Gormley quells FF revolt over bill

ENVIRONMENT Minister John Gormley has made peace with Fianna Fáil backbenchers through a complicated legislative juggling act with his new law to ban puppy farms.

He negotiated with Agriculture Minister Brendan Smith that the same welfare rules that will soon apply to puppy farms will also cover owners of greyhounds with six or more bitches.

Crucially for the rural lobby, the greyhounds’ welfare will be governed under an amendment to a piece of 62-year-old legislation rather than the new bill.

This quelled a fortnight-long rebellion which had caused a rural-urban schism within Fianna Fáil.

In his speech introducing the changes Mr Gormley said the 1958 act will be changed by Mr Smith before his dog breeding bill comes into effect.

“I must stress that before these provisions can be introduced, I as Minister for the Environment, Heritage and Local Government, and Minister Smith as Minister for Agriculture, Fisheries and Food must be satisfied that the animal welfare standards in the amended 1958 act are of the same high standard as those in the Dog Breeding Establishments Bill 2009,” he said. Mr Smith said there was already a comprehensive welfare regime for greyhounds and the proposed changes would give these legal effect.

The Labour Party’s Ciarán Lynch said the concessions made by Mr Gormley amounted to a U-turn on his initial policy. However, Mr Gormley said he had always been willing to work with the various interest groups and the use of the 1958 Greyhound Industry Act was the “same objective by different means”.

Fine Gael’s Joe Carey, who races greyhounds – and who found out his bitch was pregnant yesterday – said he welcomed the decision to relax the bill.

However, he said he and other greyhound enthusiasts would reserve judgment on the revised approach until the text of the amendments to the 1958 act were published. His party colleague, Environment spokesman Phil Hogan, said the minister was intent on forcing through all measures by the beginning of next year and this was unacceptable.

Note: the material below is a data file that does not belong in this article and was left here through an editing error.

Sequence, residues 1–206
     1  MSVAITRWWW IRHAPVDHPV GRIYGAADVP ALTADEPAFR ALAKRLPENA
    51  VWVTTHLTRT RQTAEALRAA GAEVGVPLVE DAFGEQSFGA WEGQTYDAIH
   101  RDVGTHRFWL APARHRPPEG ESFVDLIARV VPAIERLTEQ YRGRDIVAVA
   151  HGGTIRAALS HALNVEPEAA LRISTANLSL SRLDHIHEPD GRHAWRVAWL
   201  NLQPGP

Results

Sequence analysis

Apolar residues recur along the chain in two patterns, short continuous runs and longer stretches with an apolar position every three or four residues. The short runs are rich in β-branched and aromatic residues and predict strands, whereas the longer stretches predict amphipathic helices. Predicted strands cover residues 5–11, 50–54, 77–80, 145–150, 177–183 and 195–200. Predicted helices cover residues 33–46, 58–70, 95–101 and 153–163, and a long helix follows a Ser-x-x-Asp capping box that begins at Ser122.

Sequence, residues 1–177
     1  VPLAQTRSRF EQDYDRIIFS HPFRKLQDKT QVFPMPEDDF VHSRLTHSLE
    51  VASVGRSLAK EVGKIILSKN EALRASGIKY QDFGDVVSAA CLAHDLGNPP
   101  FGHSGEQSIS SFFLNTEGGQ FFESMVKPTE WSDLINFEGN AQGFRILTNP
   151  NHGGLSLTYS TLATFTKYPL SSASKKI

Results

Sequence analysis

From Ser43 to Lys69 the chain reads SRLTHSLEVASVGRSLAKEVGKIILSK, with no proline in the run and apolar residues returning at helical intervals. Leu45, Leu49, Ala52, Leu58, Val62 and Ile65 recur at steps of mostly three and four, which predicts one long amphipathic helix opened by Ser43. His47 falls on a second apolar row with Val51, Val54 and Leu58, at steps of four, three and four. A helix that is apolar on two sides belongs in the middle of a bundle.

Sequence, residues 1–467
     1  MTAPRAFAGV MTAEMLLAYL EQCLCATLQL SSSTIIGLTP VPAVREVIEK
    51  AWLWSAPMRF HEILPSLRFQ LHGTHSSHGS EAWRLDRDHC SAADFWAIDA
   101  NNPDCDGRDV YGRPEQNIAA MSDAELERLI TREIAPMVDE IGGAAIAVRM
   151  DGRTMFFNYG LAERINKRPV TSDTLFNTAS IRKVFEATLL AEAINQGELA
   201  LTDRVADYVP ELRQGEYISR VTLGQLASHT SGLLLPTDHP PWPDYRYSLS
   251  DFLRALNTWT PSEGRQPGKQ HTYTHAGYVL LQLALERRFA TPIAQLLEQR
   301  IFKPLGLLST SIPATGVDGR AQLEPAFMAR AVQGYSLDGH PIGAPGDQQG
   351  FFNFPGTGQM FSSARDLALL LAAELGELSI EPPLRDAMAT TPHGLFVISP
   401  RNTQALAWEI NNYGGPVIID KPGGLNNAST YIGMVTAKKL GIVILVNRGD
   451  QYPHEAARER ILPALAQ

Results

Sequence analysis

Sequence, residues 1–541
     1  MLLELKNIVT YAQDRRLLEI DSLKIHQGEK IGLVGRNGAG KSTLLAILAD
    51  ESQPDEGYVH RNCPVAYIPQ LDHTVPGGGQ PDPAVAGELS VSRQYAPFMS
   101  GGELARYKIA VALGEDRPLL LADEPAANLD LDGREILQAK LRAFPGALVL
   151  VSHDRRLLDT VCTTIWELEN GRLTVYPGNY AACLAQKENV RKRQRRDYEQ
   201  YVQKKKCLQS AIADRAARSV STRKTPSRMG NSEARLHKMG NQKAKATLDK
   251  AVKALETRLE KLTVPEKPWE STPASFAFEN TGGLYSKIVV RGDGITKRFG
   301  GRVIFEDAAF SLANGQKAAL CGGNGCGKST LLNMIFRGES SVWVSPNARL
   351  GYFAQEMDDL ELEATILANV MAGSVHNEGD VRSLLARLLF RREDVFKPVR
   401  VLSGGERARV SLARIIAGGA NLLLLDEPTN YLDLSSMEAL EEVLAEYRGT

However, his appeal to Fianna Fáil backbenchers not to “kowtow” to Mr Gormley’s agenda fell on deaf ears.

Last week chairman of the Oireachtas Agricultural committee Johnny Brady said if Mr Gormley made any further impositions on rural Ireland he would vote against the Government.

But yesterday he said the bill was satisfactory. Similarly Máire Hoctor, who led the backbench rebellion, said with the new amendments the revised bill was manageable. It will be voted on next Thursday.

During yesterday’s Dáil debate the anger among Fianna Fáil backbenchers at the threat issued by Bord na gCon chief executive Adrian Neilan was also aired.

Deputy Ned O’Keeffe said he felt the attempt by Mr Neilan to dictate Government policy was “well over the line”.

“In the days of Charlie Haughey, Jack Lynch and Liam Cosgrave there would have been a new board for their [Bord na gCon’s] behaviour.

“When people come in to tell me what to do... I take a very, very serious view of that,” he said. Mr Neilan withdrew his appeal to Fianna Fáil backbenchers later in the week, however, the TDs remained unhappy with his intervention.


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